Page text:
He was aged 63 when World War-I broke out and he immediately volunteered to fight. Lord Kitchener, however, personally intervened and rejected him on the grounds of his age, but Selous' steadfastly pro-Boer sympathies during the Anglo Boer War had done little to endear him to Kitchener either.

Then the war heated up and British, South African and Rhodesian forces in East African found themselves being constantly out-maneuvered and outfought at the hands of the brilliant German strategist, Colonel von Lettow-Vorbeck. This caused people at the War Office, less rigid in their views than Field-Marshall Lord Kitchener, to decide that a man with Selous' unmatched experience of the African bush could prove invaluable. He was promptly commissioned as a lieutenant in the 25th Royal Fusiliers and sent to East Africa.

From May 1915 to January 1917, except for a short spell in 1916 when he was repatriated to England for a surgical procedure, he fought as an active service soldier in numerous actions against the Germans, earning a DSO for bravery in the process.

Then, on the 6th January 1917 when aged 65 and by then a captain, Selous was killed in action while leading his men in an engagement against the enemy at an obscure place called Beho-Beho. They buried him beneath a tamarind tree in the soil of the Africa he had loved - a continent he had done so much to open up to civilisation. The area of Uganda in which his grave lies is now appropriately known as the Selous Game Reserve.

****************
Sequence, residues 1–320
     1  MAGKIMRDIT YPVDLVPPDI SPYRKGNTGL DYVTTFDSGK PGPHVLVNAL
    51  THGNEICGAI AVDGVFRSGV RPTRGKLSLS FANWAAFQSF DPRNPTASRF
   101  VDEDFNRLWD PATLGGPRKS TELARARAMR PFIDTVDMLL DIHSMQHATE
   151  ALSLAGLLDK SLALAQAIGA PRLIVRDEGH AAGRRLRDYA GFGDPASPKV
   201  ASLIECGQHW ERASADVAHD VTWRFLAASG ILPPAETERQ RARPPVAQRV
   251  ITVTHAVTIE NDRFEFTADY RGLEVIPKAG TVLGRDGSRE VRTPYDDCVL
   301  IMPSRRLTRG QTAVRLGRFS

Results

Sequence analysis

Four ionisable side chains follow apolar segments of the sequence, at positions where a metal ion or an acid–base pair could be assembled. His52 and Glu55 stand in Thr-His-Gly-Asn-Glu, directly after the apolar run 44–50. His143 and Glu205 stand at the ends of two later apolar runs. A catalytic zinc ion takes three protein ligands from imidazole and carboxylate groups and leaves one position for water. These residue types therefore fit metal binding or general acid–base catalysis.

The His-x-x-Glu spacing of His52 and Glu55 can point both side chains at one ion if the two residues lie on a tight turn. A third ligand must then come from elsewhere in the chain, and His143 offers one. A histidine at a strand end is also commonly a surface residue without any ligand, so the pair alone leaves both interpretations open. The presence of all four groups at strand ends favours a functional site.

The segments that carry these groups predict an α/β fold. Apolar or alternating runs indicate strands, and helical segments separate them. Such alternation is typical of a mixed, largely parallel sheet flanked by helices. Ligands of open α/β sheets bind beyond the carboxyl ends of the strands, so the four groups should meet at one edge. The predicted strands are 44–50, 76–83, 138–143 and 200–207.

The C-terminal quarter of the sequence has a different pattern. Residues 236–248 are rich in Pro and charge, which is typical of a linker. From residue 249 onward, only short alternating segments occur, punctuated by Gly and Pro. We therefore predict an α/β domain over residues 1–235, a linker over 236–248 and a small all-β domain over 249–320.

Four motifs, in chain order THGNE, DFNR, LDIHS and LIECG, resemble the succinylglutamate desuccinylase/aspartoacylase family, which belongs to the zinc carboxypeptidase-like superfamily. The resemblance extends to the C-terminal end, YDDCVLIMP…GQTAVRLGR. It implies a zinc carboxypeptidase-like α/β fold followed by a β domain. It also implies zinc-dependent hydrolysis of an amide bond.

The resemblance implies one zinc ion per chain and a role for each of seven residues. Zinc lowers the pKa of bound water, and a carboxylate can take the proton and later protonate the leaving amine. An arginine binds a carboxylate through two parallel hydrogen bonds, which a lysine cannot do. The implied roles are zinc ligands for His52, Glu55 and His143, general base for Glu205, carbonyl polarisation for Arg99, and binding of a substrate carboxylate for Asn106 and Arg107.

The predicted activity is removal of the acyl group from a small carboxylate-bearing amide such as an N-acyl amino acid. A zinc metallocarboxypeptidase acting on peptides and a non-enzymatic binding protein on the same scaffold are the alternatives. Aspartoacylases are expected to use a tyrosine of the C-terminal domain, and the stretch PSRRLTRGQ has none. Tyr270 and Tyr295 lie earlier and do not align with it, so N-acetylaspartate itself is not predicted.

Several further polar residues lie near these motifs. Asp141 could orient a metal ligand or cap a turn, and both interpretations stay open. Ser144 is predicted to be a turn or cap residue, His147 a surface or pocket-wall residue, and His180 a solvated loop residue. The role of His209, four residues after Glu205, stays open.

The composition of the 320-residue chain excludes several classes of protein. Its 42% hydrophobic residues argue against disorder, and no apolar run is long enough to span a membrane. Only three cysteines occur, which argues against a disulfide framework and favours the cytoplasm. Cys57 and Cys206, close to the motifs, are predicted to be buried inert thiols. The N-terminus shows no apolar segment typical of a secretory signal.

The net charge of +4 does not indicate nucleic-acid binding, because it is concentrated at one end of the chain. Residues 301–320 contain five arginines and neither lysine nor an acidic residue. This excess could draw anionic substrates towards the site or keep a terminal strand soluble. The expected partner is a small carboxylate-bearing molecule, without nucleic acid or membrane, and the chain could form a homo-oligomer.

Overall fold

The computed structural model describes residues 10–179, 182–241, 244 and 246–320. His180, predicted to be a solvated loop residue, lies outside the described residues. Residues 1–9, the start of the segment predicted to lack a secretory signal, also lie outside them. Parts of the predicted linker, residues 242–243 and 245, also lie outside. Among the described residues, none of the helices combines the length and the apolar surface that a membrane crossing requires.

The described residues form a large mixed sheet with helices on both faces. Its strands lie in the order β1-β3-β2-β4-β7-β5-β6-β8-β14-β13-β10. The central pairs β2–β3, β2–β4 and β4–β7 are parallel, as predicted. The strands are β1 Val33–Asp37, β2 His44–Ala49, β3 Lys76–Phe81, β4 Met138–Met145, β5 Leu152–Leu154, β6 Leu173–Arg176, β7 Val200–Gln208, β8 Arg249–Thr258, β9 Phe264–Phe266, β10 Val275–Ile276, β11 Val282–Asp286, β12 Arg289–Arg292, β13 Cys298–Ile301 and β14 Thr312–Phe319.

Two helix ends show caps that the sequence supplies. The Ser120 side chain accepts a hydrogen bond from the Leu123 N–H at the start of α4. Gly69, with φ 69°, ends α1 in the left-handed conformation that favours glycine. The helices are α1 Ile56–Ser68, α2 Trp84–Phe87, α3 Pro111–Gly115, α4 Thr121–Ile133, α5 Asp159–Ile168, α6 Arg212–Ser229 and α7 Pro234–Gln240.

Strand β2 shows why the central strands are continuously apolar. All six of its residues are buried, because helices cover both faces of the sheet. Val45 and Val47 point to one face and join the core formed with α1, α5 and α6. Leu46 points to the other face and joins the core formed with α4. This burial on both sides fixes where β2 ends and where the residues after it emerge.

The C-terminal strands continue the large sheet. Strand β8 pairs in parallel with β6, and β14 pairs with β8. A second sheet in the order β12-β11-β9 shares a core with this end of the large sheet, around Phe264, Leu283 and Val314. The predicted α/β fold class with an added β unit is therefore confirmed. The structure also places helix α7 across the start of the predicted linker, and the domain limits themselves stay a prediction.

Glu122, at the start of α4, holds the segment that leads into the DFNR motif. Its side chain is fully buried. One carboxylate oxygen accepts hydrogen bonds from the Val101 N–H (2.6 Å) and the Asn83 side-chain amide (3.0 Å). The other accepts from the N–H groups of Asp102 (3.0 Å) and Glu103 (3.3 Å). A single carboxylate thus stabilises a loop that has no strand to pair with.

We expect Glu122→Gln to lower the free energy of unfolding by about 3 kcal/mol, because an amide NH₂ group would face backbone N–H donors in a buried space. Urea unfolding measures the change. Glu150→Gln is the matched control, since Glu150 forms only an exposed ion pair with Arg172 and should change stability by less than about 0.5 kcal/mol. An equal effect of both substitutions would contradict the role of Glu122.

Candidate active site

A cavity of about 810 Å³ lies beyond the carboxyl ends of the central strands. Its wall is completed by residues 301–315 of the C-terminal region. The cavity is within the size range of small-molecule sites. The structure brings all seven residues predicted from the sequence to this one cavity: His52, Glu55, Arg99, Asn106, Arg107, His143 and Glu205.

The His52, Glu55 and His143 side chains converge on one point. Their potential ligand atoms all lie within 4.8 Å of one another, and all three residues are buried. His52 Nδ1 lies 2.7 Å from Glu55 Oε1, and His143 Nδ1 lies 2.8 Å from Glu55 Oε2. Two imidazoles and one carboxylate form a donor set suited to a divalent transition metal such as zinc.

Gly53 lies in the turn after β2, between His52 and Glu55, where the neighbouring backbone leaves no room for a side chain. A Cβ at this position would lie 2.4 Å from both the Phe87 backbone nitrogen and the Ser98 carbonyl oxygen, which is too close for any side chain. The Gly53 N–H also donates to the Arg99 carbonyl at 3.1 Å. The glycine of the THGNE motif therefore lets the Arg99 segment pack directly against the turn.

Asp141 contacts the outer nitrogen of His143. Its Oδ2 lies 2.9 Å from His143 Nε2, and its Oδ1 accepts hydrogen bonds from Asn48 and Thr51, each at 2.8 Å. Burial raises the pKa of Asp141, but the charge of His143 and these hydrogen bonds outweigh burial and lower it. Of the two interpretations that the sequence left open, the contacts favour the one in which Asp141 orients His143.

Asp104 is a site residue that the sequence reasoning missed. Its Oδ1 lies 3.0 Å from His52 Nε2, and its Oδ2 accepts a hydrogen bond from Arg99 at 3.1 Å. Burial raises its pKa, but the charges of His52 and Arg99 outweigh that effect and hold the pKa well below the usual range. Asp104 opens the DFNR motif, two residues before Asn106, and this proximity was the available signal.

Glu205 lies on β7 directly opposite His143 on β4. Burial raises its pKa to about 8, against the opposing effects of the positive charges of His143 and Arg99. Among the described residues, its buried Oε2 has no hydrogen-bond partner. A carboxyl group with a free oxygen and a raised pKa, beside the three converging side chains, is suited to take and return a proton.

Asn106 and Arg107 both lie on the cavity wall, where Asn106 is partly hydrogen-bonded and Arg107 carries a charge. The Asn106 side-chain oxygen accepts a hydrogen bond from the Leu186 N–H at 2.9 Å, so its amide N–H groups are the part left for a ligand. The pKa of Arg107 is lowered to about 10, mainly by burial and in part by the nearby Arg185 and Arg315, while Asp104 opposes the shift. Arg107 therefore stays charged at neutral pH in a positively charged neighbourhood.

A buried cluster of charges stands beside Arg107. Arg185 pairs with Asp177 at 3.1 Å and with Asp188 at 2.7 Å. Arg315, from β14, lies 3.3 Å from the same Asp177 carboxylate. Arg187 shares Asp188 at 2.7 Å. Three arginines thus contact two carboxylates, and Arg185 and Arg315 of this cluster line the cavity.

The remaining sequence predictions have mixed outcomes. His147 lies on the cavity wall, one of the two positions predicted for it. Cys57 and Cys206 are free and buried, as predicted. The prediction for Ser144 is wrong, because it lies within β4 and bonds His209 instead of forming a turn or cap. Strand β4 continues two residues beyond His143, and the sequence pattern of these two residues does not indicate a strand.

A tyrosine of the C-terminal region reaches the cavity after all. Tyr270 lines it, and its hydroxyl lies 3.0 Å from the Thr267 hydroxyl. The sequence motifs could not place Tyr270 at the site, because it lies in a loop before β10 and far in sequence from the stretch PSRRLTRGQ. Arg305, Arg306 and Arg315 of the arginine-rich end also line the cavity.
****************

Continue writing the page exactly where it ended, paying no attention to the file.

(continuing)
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on 13 July 2011
Wonderful description by the hunter himself of what it was like hunting in the late 1800's in Southern Africa . To anyone who has lived in big game country in Africa in the 50's (as I did) or so it is so interesting. His prowess at shooting elephant made him famous of course and the number he killed unbelievable ( but true). However if one has never been to Africa, let alone lived in the bush, it will come as a shock to read what life was like on safari in those days (as opposed to the luxury travel now) and the number of elephants and buffalo and other game killed for their ivory,skins etc.and to get rich is appalling info.The perpetual slaughter makes gruesome reading. However, as an autobiography of a young man of 24 years straight from Europe in 1864 with no experience , it's absorbing.
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on 23 January 2013
The story of one of Africa's greatest hunter's first few trips to the Dark Continent. Firstly, a warning with this book: at around 500 pages it is no weekend read, however, those that feel they have the time to devote to the book will be justly rewarded.

Very few other people had ventured into the interior when Selous first arrived in Africa. This book details Selous' safaris elephant hunting for ivory, mainly in what he refers to as the "fly" country. The conditions and physical hardships that were endured are unthinkable now, and the distances traveled are astonishing.